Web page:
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Gov. Mike DeWine announces that Ohio schools will remain closed through academic calendar

Ohio Governor Mike DeWine announced on Monday that the state's K-12 schools will remain closed through the remainder of the current school year.

While Ohio's economy will begin the process of reopening on May 1, the same won't be happening for the state's schools.

On Monday, Ohio Governor Mike DeWine announced that the state's K-12 schools will remain closed through the remainder of the current school year. Ohio's schools have been closed since March 16 due to concerns regarding the coronavirus (COVID-19).

In making his announcement, DeWine cited a number of factors, including the continued presence of the virus and concerns about continuity from the state's administrators and teachers. DeWine also stressed that with schools closed, students will continue learning remotely.

DeWine said that while no decisions have been made on whether or not schools will reopen in the fall, they are already preparing for multiple scenarios. One scenario that has been discussed -- but not decided on -- is a "blended" system, in which some students would continue learning from home, while others would return to physical buildings.

With schools closed for the remainder of the academic year, DeWine expressed concern for the following groups of students:

  • Children with special developmental needs 
  • Children with health challenges
  • Kids with no or limited access to the internet 
  • Children who do not have supportive home lives.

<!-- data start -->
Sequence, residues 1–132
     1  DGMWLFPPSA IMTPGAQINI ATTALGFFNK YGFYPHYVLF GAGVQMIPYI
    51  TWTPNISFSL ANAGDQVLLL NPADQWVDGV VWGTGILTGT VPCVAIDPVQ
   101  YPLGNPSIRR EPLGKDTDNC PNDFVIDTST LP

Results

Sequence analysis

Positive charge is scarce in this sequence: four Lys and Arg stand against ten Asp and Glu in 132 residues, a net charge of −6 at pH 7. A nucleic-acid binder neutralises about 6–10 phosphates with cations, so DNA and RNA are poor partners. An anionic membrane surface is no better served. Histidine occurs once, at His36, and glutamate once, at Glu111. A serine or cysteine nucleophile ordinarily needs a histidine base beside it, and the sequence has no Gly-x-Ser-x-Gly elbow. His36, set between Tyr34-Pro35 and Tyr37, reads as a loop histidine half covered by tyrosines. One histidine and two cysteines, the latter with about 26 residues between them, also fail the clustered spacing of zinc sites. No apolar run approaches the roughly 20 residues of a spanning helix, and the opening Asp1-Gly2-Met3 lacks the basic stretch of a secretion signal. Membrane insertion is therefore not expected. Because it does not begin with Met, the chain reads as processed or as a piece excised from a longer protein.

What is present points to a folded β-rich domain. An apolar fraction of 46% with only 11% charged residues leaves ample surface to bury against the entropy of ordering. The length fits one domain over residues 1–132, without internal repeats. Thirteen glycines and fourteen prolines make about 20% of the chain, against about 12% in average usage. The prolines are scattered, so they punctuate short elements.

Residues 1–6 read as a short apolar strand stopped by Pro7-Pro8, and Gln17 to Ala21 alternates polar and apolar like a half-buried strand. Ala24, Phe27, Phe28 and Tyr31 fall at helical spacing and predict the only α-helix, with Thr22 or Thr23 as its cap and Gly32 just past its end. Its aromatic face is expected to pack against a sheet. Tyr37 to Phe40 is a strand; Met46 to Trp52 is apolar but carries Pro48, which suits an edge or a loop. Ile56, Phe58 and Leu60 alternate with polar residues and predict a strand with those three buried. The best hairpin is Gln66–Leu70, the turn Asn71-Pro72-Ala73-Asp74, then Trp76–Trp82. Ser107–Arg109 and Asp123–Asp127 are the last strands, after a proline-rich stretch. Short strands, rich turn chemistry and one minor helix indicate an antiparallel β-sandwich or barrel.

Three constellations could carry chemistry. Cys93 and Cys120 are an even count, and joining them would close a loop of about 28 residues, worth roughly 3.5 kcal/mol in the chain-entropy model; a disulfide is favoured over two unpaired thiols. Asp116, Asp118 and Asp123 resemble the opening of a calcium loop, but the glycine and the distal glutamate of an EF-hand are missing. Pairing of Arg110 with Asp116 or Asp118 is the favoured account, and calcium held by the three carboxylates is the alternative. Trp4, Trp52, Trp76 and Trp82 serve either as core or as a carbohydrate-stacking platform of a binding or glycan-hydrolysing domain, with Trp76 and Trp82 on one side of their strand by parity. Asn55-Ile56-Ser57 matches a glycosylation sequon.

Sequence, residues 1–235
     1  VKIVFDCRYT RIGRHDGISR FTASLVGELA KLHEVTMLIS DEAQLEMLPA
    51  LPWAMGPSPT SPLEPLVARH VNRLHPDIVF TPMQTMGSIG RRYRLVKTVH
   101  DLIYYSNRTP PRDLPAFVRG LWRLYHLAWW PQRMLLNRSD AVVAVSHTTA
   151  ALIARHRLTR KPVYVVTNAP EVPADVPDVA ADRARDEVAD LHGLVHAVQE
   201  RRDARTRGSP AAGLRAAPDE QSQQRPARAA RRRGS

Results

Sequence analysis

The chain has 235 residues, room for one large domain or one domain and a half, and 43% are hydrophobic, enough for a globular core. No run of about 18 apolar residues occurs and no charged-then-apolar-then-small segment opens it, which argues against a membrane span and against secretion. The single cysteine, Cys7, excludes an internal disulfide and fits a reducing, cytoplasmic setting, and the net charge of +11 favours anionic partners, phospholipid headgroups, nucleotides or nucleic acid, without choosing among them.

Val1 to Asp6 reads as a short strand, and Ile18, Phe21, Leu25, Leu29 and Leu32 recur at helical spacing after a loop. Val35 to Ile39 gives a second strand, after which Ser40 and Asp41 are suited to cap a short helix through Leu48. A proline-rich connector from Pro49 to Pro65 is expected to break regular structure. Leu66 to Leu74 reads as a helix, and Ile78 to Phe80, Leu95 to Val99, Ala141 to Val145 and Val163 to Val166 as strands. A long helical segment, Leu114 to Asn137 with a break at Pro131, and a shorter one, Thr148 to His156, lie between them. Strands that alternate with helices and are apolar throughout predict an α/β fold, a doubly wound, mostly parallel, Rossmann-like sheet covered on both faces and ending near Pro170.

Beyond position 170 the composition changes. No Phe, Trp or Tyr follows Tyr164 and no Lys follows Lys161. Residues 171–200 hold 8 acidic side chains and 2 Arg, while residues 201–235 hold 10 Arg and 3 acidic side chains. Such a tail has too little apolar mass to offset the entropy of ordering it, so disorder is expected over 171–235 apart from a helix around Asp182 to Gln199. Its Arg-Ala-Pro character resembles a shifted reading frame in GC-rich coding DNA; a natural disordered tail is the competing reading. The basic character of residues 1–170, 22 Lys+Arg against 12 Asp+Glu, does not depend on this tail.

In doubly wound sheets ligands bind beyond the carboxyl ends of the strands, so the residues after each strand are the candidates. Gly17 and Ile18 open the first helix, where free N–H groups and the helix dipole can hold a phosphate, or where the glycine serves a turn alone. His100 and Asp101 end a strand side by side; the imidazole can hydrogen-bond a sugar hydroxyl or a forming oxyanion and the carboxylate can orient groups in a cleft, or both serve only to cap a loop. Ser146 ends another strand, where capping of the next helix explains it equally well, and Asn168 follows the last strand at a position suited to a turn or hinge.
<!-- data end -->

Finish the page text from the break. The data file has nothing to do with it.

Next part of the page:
Parma City Schools Superintendent, Dr. Charles Smialek says he's pleased with the decision Dewine made to continue remote learning to close the school year.

"We will open again but we need more time to learn about the virus hopefully have more testing, secure the supplies we need," he says.

According to Smialek, leadership teams are working to develop plans which would include a dramatic increase in the availability of hand sanitizing stations, wipes and thermometers.

They're also discussing what's considered essential and what they could eliminate to maximize social distancing.

"Do seniors who are close to graduating, can they take a couple of classes online, is that the type of model we might want to pursue these are all conversations we're going to have to have going forward," says Smialek.

Lorain City Schools Interim CEO Greg Ring also says nothing is set in stone but their plan could include a mix of virtual and in-person learning.

"I'm real concerned this will be a real challenge for all of us to figure out how to social distance if that's what we're still doing in August," he says.

As of Monday, Ohio has had 12,919 positive coronavirus cases, including 2,653 hospitalizations, 798 ICU admissions and 509 deaths. Dating back to the discovery of Ohio's first positive coronavirus case on March 9, DeWine has put a number of measures in place to encourage physical distancing, including a stay-at-home order since March 23. Last week, DeWine announced that the state is preparing to begin the process of reopening its economy when the current stay-at-home order expires on May 1.

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